When the squash has cooled enough layer up the salad and pour over the avocado-chipotle dressing. A great salad for any time of the year. And, as a little ‘bonus’ I’ve included pictures of a candle and incense holder that my talented husband made from a bit of our dropping off old oak tree.  It is very peaceful to look at, and smells great too. Oom.

windfall candle and incense holder made by my Mr A

windfall candle holder

24 thoughts on “Spa Salad with Avocado-Chipotle Dressing

  1. I feel healthy and cleansed just looking at the pictures – looks great! The only spas I’ve ever been too were traditional Japanese guest houses with hot spring baths. Typically they lay out quite the spread in your room at night, which feature many beautiful little dishes, each featuring a mouthful or two of something local, fresh and beautifully prepared (a.k.a. kaiseki). I didn’t take half enough pictures of those meals, in retrospect, but there are a few here:

    1. Oh Jean-Francois, those photos are amazing! I’m so jealous – the setting, the dinky dishes, the delectable, different food. Who are the pretty ladies, pray tell? My husband has been to Japan a few times and the beautiful food was a highlight, and a wonder. How lucky to have had your experience. I love the idea of hot spring baths too. Btw, I haven’t contacted you about guidance on making my blog technically better as I have not had a voice for awhile (it comes and goes). I will hold off having a frustrating Skype convo with you until I am a bit more vocally reliable. My husband and daughter are not complaining much but it is a pest. Is it still okay with you?

      1. The food is just generally good in Japan – you’ll have to make the trip sometime. The pretty ladies are my sister (who came over for a visit) and Bonnie Lee (my wife). No hurry on the Skype chat. I’m in Singapore and KL for another 2 weeks, and will be back on your side of the planet July 9 (for a mere 2 weeks). Way too much travel these days, and not the fun kind.

  2. I do go to a spa once a week, actually a Russian Turkish Bathhouse. Sounds bad, I know, but their “spa” food is authentic. Borscht, fresh juices, fried fish etc. I really like your approach to a spa salad. Feel like you went in my brain and took exactly what I would want at the spa. Really enjoy your posts and creative recipes.

    1. Thank you so much! I apologise if I sounded a bit snide about spa going – I’m only jealous! What you do sounds different to what I have read about and experienced for myself. Yours sounds a proper, wholesome, dare I say ‘old-fashioned’ (in the nicest possible way) approach to spa-ing, rather than the champagne with meals spa experience, or the juice-only approach.

  3. This looks so delicious. It is also so beautifully plated.

    1. That’s so kind of you to say. Funnily enough that wasn’t plated as such, it was just our lunch and I thought ‘That looks pretty. Maybe I should take a photo in case it tastes okay enough to write up.’ Most of the food I deliberately plate up probs looks like it, so maybe I should just wing it some more.

  4. Desi Chick says:

    Haven’t been to a spa yet. I feel a little too brown and out of place, hahaha. I do love your salad and the dressing sounds creamy and divine. Everything you make sounds divine and every recipe I’ve made of yours has been delightful! When I get off my Master Cleanse, this is on my list of must makes as I have to “ease” into proteins. Bookmarking right now!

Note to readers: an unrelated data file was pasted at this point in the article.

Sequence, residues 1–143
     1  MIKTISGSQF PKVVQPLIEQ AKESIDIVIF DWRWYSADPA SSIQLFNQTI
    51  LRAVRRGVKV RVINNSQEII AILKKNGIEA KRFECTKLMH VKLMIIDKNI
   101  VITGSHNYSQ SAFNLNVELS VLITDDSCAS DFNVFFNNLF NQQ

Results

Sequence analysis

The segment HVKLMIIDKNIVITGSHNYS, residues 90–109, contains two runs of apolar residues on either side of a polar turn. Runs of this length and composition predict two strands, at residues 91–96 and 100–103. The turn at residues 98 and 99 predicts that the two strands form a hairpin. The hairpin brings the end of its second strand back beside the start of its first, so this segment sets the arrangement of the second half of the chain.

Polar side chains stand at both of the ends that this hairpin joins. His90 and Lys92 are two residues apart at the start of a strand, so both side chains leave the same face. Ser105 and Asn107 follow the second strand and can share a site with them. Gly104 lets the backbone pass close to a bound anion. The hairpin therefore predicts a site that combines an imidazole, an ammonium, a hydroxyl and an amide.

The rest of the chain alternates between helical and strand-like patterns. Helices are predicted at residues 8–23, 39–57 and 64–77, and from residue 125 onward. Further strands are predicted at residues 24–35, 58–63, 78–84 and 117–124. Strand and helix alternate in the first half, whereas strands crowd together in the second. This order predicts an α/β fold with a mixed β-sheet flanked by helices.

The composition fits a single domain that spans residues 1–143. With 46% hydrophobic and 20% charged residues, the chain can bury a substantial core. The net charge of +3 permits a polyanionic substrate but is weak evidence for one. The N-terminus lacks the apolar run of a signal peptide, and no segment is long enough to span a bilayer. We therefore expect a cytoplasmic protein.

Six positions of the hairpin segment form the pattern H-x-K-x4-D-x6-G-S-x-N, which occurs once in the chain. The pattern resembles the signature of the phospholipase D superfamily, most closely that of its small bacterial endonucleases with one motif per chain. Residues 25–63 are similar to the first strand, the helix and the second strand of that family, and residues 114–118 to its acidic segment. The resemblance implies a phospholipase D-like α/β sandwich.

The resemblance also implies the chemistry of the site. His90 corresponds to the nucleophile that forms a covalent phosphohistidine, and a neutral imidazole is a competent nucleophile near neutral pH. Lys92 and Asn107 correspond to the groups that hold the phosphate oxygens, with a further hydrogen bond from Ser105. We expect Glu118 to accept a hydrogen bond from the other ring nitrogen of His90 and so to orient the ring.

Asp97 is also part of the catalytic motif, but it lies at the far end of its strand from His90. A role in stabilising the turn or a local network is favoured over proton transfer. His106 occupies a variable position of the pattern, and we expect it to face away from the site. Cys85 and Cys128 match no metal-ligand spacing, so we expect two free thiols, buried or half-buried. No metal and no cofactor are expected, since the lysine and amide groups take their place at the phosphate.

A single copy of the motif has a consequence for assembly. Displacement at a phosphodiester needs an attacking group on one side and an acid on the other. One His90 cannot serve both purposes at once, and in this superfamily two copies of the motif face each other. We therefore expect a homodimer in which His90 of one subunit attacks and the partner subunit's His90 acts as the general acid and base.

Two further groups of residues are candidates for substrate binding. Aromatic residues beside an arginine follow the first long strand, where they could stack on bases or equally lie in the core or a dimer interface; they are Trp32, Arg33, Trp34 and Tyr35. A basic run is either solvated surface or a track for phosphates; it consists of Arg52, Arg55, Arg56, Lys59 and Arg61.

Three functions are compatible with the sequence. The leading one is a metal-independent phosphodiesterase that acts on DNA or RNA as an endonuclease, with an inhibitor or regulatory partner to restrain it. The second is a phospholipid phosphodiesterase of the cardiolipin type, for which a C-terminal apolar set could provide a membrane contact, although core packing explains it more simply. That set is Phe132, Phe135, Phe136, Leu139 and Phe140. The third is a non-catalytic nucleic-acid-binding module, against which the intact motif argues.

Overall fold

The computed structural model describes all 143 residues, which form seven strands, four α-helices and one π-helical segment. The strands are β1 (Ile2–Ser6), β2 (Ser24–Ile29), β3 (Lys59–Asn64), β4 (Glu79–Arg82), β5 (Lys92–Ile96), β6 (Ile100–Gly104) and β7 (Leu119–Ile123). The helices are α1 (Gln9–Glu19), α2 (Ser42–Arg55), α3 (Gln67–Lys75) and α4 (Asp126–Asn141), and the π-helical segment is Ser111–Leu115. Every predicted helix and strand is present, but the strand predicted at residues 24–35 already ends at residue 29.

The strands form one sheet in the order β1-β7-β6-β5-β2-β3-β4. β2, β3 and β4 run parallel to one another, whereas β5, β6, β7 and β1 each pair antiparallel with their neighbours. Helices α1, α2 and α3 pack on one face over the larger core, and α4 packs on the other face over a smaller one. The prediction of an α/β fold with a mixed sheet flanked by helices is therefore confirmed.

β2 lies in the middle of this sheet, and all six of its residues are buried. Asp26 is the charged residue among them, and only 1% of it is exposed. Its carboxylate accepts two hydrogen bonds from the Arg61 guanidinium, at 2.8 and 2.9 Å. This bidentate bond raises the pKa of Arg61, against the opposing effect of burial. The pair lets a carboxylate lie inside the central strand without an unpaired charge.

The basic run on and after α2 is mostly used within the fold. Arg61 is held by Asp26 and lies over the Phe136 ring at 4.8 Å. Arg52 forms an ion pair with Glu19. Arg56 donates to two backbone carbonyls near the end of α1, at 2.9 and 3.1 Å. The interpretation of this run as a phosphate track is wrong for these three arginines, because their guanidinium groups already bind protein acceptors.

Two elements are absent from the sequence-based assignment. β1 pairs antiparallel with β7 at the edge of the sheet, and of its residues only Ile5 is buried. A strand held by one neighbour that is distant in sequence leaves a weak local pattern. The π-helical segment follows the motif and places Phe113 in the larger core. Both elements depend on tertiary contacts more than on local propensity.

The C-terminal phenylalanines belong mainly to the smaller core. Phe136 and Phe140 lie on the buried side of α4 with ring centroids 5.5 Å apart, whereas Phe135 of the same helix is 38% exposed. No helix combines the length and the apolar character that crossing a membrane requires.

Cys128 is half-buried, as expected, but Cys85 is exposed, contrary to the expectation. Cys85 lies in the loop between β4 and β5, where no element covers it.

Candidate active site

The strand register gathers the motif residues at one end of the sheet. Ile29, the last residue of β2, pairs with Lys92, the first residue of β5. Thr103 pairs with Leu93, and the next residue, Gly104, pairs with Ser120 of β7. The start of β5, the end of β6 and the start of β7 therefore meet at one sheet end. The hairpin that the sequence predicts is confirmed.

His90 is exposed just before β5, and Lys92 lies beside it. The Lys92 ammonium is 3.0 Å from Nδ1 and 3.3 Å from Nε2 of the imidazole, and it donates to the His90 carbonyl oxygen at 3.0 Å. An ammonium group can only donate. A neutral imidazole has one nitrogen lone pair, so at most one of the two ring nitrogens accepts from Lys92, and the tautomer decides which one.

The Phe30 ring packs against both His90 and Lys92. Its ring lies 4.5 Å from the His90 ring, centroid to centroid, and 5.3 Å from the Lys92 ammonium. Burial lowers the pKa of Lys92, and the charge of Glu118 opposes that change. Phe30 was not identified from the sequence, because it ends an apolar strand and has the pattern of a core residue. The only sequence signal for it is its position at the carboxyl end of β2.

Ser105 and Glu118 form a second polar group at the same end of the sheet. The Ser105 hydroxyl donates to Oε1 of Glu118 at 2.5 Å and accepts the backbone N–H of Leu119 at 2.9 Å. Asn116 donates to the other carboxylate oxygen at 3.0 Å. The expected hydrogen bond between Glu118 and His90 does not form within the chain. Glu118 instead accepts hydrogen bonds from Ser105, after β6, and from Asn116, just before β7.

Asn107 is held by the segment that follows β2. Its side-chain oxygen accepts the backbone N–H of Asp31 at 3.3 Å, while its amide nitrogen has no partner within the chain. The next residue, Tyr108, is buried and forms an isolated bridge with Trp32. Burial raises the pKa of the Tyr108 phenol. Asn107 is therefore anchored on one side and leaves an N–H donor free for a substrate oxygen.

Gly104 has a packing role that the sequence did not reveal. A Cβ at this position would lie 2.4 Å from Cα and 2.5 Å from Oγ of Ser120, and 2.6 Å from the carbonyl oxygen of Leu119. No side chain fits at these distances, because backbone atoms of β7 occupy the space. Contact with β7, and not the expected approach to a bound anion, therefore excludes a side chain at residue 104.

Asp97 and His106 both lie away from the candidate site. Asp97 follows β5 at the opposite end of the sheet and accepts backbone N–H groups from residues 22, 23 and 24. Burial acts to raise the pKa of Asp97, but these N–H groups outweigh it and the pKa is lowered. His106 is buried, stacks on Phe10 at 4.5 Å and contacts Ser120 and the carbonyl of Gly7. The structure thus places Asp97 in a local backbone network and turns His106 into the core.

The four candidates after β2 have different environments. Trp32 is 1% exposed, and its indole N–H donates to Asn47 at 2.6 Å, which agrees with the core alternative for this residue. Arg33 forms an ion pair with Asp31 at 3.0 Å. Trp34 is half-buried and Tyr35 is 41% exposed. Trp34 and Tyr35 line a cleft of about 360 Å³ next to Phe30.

1. Nah, Tahmina, you are too beautiful, nothing to do with colour. They wouldn’t know how to improve you! What is this Master Cleanse? I have heard of it but don’t know the ins and outs – is it juice fast, a product (like lemon and maple syrup), what? Btw, ditch the beans and have the salad with lots of dressing. Love those avocados 😀 PS I am rubbish at taking compliments, but thank you

      1. Desi Chick says:

        The Master cleanse is the lemon juice, maple syrup and cayenne pepper concoction you drink to clean out your system. I’m doing a 10 day cleanse with a 2 day in and 2 day out (you ease in by eating only raw veggies/fruits and ease out the same way) My first time. It was really hard the first 2 days and now I’m glad I stuck to my guns, it feels really good. Clean from the inside out!

      2. Thought that was the one. The Beyonce one. Good luck. Don’t fade away – we need you!

      3. Desi Chick says:

        Was Beyonce doing this? I didn’t know. I have wanted to try a cleanse for a long time and didn’t know how to go about it. Just plain hydration seemed a bit hard so I settled on this one based on the master cleanse website. I might do this again next year but for a shorter time. It does make you feel better—towards the END!

  5. I have never had the pleasure of a spa but this salad looks great! I am trying the dressing for sure, perfect as we are getting into summer now.

    1. Thanks Emilia. It is nice on lots of things. I’m putting up a quinoa salad soon with it in it, with a few changes. Let me know if you like the dressing, but the key is to blend, taste and adjust how YOU like it.

  6. Faith says:

    I’ve never been to a destination spa, but I do love enjoying spa-like foods at home! This salad is beautiful and truly spa-quality. I checked out that index of spa-inspired recipes and I think I’m in love, lol!

    1. Me too! Just the names alone sound too gorgeous for words

  7. luv4wickless says:

    Looks delicious!

    -Melanie Gordon
    Independent Scentsy Consultant

  8. I loooove squash and this one looks amazing–I have never tried this variety but will look for it now. And the salad is just pretty. I am such sucker for avocados! I have also never been to a destination spa. I do sometimes order something called ‘the spa plate’ at a nearby cafe though, so maybe that counts a little.

    1. It is such a good natured squash and very cheerful to look at. Like a dinky pumpkin. And i think ordering a spa salad (or making one) is a sensible compromise. I wish I had a nearby cafe, never mind one that offers spa plates. We have a post office with seats outside that will do you a fab sandwich and some soup though!

  9. This looks absolutely fabulous! Can’t wait to try this recipe, especially the dressing! Any salad that includes shrimp & avacado is an instant hit in my book.

    1. Thanks Katrina, and thank you for following. Most new subscribers are too shy to comment right away, so cheers for that 😀 The dressing is exceedingly versatile so whack it on anything you fancy – even some fish tacos (that was a recent incarnation).

      1. Real KD says:

        Fish tacos, MY FAVORITE!!! I’ll be sure to try it very soon and let you know what creations I try it on:)

  10. I am feeling all Zen Like now Kellie and that salad looks amazing, plus anything with chipotles in it, has MY name on it, I LOVE them. (I get friends in the US send them to me in exchange for French lavender!) Karen

  11. I love squash.This looks absolutely fabulous.